Similar to our prior studies using phase contrast MRI, we found that global CBF was elevated in anemic patients to compensate for decreased oxygen carrying capacity2. While global and GM O2 delivery was preserved in anemic patients, WM O2 delivery was 20% lower in anemic subjects. This finding is consistent with the white matter volume loss, abnormal diffusion weighted imaging, silent stroke heat maps, and increased oxygen extraction fractions observed in borderzone white matter regions7–9. However, whether the decreased WM O2 delivery falls into a physiological steal phenomenon: cerebral compensatory mechanisms protect GM, or simply inadequate neovascularization in response to chronic hypoxia requires further investigation.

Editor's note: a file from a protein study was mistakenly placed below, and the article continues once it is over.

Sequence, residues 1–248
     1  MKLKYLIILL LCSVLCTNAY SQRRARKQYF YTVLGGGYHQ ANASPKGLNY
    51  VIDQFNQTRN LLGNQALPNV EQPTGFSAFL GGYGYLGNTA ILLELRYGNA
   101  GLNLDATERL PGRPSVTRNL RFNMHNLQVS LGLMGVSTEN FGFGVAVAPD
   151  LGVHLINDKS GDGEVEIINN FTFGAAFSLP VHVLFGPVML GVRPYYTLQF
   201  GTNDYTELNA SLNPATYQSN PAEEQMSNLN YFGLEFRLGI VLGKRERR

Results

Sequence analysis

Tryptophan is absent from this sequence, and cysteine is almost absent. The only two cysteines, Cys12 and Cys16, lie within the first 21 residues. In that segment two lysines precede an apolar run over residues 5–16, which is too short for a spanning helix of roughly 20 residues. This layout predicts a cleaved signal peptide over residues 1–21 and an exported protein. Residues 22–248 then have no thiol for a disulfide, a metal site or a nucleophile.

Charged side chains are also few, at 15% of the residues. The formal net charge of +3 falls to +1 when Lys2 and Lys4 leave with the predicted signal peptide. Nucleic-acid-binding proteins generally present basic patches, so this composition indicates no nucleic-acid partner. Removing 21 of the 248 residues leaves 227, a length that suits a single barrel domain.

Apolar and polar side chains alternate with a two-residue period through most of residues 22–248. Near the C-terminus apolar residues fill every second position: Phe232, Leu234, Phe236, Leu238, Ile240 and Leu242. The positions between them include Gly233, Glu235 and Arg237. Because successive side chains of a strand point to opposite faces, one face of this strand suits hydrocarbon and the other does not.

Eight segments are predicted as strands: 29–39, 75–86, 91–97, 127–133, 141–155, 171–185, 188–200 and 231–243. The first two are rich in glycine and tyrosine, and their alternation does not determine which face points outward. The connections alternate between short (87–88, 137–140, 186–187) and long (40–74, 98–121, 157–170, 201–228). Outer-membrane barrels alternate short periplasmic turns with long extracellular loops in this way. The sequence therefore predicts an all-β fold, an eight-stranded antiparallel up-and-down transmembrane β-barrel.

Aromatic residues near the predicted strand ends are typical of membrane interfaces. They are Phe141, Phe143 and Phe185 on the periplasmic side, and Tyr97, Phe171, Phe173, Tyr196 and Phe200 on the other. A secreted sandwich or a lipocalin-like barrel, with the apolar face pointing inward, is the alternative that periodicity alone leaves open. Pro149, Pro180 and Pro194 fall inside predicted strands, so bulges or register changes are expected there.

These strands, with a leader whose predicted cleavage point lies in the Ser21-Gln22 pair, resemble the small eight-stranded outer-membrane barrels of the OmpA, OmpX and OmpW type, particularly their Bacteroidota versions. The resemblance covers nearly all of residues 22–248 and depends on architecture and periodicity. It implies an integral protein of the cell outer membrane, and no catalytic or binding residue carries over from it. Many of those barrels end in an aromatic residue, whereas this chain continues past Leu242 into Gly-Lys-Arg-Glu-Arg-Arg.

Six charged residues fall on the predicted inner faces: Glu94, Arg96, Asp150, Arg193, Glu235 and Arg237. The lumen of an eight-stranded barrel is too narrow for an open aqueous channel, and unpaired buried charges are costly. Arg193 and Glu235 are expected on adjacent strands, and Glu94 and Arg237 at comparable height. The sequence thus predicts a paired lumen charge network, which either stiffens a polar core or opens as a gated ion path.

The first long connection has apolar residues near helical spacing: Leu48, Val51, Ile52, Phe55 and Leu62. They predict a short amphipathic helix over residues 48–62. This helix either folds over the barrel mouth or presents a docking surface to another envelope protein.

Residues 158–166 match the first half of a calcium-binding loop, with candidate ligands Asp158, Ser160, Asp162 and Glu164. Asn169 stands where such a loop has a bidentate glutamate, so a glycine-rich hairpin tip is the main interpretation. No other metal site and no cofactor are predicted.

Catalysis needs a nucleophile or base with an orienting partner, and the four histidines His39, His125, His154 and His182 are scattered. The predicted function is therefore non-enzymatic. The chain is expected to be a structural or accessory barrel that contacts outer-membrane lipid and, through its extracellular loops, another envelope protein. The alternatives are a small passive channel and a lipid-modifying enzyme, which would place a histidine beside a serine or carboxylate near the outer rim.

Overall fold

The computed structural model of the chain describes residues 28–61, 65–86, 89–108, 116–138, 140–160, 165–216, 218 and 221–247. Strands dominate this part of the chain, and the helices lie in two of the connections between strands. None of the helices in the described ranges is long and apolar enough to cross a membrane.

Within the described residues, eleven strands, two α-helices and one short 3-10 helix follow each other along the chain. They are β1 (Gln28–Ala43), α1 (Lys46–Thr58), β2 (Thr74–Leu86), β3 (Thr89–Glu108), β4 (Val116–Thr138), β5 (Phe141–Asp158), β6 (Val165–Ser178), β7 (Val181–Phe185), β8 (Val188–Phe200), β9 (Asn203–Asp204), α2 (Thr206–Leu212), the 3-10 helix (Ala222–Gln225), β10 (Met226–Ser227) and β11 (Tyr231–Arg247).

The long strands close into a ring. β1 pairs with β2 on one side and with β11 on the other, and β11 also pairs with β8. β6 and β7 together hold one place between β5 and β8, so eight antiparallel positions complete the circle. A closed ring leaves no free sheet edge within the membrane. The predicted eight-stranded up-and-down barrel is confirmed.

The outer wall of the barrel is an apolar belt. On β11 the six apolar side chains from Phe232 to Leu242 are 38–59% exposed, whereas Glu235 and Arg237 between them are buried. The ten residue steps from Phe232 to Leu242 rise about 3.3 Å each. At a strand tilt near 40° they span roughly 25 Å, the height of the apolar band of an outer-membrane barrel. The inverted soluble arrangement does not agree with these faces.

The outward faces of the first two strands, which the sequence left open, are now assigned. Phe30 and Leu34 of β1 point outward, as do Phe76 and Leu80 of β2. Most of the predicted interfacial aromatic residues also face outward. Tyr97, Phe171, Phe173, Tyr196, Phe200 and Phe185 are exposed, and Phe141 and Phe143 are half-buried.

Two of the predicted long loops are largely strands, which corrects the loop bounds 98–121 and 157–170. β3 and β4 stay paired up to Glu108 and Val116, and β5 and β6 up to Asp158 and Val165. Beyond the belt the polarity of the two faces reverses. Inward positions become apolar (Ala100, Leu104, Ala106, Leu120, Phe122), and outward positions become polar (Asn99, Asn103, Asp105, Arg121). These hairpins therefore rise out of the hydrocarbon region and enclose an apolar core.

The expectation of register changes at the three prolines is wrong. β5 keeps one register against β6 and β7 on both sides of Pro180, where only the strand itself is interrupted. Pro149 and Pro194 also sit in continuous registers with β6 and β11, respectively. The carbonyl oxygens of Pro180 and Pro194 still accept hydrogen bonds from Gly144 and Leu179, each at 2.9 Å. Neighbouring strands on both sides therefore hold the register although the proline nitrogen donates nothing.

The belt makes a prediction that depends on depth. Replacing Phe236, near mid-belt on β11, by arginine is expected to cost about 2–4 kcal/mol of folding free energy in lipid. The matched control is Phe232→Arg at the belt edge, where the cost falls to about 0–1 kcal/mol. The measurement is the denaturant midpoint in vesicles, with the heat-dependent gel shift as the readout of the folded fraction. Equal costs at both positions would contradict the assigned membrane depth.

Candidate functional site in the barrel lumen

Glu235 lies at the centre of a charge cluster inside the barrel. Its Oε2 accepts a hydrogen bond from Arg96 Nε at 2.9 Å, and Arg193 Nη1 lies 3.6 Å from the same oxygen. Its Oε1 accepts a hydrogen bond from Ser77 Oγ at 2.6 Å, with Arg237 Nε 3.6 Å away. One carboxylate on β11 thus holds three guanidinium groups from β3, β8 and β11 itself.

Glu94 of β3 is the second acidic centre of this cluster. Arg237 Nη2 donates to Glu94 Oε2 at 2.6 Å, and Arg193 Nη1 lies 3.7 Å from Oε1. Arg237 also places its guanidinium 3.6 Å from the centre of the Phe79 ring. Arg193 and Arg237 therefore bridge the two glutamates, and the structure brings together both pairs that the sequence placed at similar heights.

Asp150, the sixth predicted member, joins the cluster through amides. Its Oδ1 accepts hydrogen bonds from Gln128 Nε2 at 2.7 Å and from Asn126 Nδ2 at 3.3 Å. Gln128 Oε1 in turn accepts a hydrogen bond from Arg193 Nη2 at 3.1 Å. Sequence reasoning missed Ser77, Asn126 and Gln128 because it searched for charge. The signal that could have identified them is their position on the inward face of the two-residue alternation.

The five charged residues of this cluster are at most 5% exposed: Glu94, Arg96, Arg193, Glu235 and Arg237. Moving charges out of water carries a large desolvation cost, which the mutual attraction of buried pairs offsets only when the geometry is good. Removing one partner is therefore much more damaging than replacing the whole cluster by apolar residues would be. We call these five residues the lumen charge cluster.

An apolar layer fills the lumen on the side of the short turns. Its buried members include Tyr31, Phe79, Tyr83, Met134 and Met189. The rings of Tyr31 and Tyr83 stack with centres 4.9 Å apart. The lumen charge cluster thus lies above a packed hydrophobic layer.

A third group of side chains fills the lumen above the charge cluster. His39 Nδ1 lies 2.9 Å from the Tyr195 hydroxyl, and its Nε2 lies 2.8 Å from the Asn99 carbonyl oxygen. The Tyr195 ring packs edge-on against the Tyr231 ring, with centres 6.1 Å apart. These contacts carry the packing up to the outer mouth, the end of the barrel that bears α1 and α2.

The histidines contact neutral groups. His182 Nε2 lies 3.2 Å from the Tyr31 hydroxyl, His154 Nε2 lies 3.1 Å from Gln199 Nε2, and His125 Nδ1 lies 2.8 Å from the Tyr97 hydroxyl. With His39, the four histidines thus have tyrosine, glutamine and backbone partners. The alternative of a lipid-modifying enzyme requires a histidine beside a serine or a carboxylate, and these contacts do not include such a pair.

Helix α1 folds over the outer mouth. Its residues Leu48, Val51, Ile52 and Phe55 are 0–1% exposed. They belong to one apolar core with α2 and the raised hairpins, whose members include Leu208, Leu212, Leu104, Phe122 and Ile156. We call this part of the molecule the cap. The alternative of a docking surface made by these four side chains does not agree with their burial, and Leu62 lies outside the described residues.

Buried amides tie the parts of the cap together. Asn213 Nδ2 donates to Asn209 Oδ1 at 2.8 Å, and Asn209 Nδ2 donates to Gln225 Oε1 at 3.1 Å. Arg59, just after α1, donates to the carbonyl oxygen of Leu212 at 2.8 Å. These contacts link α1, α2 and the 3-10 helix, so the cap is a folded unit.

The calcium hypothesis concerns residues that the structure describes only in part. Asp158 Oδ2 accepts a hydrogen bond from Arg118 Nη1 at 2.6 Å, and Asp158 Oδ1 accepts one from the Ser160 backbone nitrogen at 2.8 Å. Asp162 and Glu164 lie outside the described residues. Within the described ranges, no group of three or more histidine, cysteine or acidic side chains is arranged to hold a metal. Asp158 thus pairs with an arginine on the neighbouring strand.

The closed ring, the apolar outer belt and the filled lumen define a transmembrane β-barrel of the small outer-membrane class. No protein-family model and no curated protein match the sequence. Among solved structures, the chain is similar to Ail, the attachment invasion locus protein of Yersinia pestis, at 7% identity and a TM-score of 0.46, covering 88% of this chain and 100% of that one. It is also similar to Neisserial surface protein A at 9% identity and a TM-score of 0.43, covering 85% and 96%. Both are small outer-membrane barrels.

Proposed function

This work is supported by the National Heart Lung and Blood Institute (1RO1HL136484-A1, 1U01HL117718-01), the National Institute of Clinical Research Resources (UL1 TR001855-02) and by Research Support In Kind from Philips Healthcare.


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Whole brain CBF and oxygen delivery map in axial view. The coordinates in the standard atlas is 41, 44 and 49 from left to right for CBF and oxygen delivery maps, respectively. the color-bar represents absolute perfusion on the left panel in ml/100g/min and ml O2/100g brain tissue per minute on the right panel.

Measurements of CBF and O2 delivery for the whole brain, grey matter (GM) and white matter (WM). CTL = healthy controls, ACTL = anemic control subjects. Asterisk indicatse significant group difference (p<0.05). Error bar shows standard deviation.

Proc. Intl. Soc. Mag. Reson. Med. 27 (2019)